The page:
The primary purpose of the Face Recovery model is to recover a wide variety of facial features that may have been negatively impacted from low-quality photos, such as those suffering from being highly compressed, noisy, artifacted, shaky, or blurred. Fortunately, we were able to improve the former Face Refinement model by adopting a brand new deep learning process and training the new Face Recovery model by using a large library of high quality faces.
When you activate Face Recovery, each detected face is resized to 512 x 512 pixels, then processed by the model with object enhancements (eyes, teeth, etc), and finally resized, blended, and positioned accordingly. These object enhancements are determined based on the training using the library of high quality faces mentioned above.
The improvements to the recovered facial features are often presented with more defined details to the pupils, eyelashes, hair, and skin textures. When combined with additional noise reduction and sharpening, the overall results of the upscaled photo are often significantly improved when compared to the original.
When you look back at all the photo examples I shared in this article, do you see anything that they have in common? Each of them is a low-resolution photo of a person or people whose face is relatively small within the overall composition. Just look at the size of the white focus box in the navigator view (top right of the UI) for each photo above. Also, some of the faces suffer from excess noise or other quality degradations due to the low resolution.
When upscaling a high-resolution or high-quality photo with a face that takes up a majority of the frame, we recommend disabling Face Refinement and select the most appropriate base super-resolution model to increase pixel size. The Comparison View makes this task especially easy because it allows you to compare four models simultaneously.
Let’s use the following portrait photo as an example. As you can see, the girl’s face takes up most of the frame. You can tell this by looking at the full image in the navigator in the top right of the UI. In this example with Face Refinement enabled, you’ll notice that the model over-smoothes the girl’s skin and eyes.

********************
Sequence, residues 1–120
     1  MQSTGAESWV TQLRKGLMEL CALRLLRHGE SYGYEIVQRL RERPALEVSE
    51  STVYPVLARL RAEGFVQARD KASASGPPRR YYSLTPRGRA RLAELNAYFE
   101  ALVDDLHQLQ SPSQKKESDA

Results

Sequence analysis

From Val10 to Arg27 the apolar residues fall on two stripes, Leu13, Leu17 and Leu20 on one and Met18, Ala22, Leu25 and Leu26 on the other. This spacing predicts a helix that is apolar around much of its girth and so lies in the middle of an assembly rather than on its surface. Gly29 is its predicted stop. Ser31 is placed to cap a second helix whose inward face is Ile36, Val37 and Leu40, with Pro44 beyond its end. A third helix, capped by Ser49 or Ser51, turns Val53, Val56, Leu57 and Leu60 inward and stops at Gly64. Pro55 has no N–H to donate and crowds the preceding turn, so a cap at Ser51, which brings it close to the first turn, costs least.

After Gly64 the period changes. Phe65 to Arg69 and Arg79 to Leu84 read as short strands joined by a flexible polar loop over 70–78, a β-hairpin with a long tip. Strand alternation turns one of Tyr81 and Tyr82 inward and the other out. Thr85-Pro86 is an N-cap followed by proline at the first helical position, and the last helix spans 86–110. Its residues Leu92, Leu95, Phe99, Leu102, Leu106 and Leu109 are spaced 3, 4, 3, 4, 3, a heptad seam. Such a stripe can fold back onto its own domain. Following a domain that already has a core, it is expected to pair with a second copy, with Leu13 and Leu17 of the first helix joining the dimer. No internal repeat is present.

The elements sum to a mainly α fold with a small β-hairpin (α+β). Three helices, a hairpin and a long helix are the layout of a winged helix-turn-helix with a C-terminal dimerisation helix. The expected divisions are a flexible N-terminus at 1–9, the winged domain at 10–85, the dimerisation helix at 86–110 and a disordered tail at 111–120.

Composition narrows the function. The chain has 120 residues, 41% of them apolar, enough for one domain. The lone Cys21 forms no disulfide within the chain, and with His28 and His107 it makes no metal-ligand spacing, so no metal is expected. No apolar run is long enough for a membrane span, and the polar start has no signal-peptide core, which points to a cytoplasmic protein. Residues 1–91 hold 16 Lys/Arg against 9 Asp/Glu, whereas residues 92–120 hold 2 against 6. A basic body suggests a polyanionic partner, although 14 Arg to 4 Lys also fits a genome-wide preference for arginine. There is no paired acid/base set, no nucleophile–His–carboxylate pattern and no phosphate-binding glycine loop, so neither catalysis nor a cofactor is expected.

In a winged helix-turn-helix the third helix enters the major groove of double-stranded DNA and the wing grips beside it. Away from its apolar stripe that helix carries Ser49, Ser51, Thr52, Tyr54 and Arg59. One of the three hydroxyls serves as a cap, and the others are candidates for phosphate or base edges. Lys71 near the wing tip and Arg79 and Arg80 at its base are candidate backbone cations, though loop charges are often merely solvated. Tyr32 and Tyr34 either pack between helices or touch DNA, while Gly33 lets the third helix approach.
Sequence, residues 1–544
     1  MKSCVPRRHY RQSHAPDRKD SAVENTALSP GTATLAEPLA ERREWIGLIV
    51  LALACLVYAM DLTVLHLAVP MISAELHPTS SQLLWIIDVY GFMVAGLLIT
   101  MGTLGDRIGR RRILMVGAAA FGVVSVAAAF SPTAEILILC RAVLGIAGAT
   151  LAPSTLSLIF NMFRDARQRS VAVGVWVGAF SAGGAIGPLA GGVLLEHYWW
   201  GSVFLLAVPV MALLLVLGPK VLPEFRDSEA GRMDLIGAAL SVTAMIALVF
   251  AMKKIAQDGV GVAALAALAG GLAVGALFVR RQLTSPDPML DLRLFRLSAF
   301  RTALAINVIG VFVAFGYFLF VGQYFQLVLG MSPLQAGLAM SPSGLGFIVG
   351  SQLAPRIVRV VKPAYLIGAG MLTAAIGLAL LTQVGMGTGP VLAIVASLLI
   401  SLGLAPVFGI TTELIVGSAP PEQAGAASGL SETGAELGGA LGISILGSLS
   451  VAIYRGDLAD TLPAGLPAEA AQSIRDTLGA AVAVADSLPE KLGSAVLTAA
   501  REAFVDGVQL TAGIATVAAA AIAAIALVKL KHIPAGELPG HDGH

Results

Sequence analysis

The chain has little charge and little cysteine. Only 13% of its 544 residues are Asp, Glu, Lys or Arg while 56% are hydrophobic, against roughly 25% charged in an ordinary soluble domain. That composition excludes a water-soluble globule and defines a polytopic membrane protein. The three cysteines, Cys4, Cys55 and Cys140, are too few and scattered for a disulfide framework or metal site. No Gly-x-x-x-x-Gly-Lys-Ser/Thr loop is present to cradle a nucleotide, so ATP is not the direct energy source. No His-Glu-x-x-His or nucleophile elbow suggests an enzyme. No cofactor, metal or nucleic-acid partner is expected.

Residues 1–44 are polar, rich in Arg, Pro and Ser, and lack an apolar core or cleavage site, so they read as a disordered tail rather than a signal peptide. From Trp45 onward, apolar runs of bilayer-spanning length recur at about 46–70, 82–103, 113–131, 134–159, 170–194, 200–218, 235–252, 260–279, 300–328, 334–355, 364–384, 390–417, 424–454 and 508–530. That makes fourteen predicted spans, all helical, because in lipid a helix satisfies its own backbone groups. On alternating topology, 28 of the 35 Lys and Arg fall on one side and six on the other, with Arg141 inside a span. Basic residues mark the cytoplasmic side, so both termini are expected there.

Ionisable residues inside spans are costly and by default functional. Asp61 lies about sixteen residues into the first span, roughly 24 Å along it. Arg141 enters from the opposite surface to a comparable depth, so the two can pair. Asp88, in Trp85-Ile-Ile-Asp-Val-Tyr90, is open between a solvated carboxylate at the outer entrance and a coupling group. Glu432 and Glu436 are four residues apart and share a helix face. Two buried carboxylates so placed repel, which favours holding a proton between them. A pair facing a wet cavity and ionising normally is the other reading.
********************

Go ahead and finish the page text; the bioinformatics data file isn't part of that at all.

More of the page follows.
When you compare the same photo upscaled using the Low Resolution model and Face Recovery disabled, you will immediately see a marked improved throughout the face. The skin looks natural and the eyes have the perfect amount of sharpness added.
As we continue to train the Face Recovery model using photos with larger faces, we will improve our ability to provide superior results.
To recap, we recommend using the Face Recovery model with low-resolution photos containing faces affected by obvious quality issues such as being highly compressed, noisy, artifacted, shaky, or blurred. For faces that already have a satisfactory amount of details, we recommend disabling this tool and using one of the five base super-resolution models. We also recommend setting the Face Recovery Strength slider to 100 and reducing the strength as needed.
There is an undeniable need to upscale portrait photos so that they look natural regardless of the source resolution. The improved Face Recovery model makes it that much easier to achieve sharp and realistic upscaled portrait photos. And Gigapixel AI’s five purpose-built models will handle all your other upscaling needs with high quality results, especially when compared to Adobe Photoshop and other comparable software.
Be sure to download a free trial of Gigapixel AI today to see the difference for yourself.